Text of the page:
Department of Political Science, CSU and CCC Faculty Fellow
Summary: Most Latin American countries have recognized the right to local political autonomy of ethnic communities as well as their potential to conserve important natural resources. Unfortunately, national and sub‐national authorities and institutions have more often than not failed to live by these reforms as a result of conflict, lack of political will, or disinclination to collaborate with local authorities. The study looks at Colombia, where Black and Indian communities have legal rights to over 25 million hectares of tropical forestland, making them authorities of 38% of the country’s forest reserves which constitute about 2% of the world’s tropical rainforests. However, as of 2007 only 18% of the country’s indigenous territories were benefitting from the legal framework that enabled them as local authorities, while the land rights of Afro‐Colombians have been limited by violence and historical discrimination. This constitutes a problem for the welfare of Indian and Black communities in general and for conservation in particular. Local autonomy as promoted by Indian and Black social movements as a strategy to protect their cultures, environments and economies, and some of the more successful local organizations are now sharing knowledge and experience on local governance to support their peers from regions facing ethnic governance problems. In my work as a CCC fellow, I supported a field exchange where an indigenous community recovering 1,300 hectares of deforested land in Cristianía (Antioquia) shared its governance experience with leaders from an Afro‐Colombian community addressing the environmental effects of a hydroelectric company in the Anchicayá River (Valle). The experience reveals firsthand information about leadership and local governance in multicultural regions and intrainstitutional relations in general, and about the challenges facing black communities living in remote areas as their lands are forcefully included in badly devised economic agendas that fail to consider the community’s voice.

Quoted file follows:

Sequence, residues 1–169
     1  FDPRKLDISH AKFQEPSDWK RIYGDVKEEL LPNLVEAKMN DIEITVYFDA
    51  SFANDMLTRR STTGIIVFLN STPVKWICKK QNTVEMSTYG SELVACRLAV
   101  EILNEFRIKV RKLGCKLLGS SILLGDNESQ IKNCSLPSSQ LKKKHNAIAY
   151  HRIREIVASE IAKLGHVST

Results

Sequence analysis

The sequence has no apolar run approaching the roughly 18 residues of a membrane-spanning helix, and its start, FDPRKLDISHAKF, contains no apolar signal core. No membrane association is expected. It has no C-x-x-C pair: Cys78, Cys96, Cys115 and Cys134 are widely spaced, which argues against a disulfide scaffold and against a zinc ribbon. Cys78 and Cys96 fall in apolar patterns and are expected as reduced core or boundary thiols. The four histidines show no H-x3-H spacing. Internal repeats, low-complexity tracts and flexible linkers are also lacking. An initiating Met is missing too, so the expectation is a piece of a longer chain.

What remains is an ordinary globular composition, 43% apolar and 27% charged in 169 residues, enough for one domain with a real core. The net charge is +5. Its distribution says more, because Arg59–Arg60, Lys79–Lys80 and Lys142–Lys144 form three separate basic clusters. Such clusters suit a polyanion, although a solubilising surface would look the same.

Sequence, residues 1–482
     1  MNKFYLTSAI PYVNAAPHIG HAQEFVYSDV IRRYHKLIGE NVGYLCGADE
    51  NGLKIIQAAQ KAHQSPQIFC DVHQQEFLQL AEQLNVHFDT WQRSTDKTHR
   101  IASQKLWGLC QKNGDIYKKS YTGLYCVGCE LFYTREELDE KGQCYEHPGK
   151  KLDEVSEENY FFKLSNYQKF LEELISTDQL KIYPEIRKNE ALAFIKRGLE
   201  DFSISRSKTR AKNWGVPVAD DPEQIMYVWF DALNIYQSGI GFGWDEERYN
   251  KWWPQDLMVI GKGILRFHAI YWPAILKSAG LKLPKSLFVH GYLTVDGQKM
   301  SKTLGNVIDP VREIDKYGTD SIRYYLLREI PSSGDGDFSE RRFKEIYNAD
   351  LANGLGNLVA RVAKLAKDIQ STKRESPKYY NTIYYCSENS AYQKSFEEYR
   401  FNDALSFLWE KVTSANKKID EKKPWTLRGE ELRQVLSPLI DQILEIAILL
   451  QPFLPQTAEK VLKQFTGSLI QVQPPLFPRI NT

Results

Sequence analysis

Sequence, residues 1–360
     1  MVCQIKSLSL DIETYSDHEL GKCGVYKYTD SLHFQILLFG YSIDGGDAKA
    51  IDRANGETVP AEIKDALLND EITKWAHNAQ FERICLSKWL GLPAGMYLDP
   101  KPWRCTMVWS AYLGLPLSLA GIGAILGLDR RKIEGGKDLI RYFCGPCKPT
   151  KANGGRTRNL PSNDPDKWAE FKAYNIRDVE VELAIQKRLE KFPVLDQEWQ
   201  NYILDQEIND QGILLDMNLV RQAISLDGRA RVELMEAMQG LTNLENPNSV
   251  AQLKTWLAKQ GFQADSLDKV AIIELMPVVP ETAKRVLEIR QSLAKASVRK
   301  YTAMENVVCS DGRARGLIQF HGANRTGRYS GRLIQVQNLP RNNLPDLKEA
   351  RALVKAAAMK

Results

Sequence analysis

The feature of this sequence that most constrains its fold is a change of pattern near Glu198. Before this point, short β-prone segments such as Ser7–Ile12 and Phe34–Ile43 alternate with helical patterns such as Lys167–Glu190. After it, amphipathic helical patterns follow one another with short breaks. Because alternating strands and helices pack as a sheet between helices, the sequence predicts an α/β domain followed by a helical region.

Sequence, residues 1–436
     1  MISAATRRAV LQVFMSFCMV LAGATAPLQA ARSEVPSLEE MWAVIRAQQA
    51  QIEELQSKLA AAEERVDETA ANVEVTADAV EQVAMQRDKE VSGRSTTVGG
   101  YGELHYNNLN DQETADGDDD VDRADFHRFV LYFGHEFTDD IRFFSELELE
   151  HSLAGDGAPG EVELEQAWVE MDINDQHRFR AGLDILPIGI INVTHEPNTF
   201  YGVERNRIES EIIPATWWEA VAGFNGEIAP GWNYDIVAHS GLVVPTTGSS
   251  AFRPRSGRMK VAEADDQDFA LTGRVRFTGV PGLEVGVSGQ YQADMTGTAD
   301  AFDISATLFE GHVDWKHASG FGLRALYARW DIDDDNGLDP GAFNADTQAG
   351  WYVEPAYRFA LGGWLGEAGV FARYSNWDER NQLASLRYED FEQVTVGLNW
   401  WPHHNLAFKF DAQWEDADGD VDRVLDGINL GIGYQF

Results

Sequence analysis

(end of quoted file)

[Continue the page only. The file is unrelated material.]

Marcela Velasco is assistant professor of Political Science at CSU. She teaches in the field of comparative politics focusing on South America, environmental politics and the political economy of development. Her current research is on local government, territorial politics and Indigenous and traditional black communities in Colombia. Before coming to CSU she taught political science at the Universidad de los Andes in Bogotá, Colombia.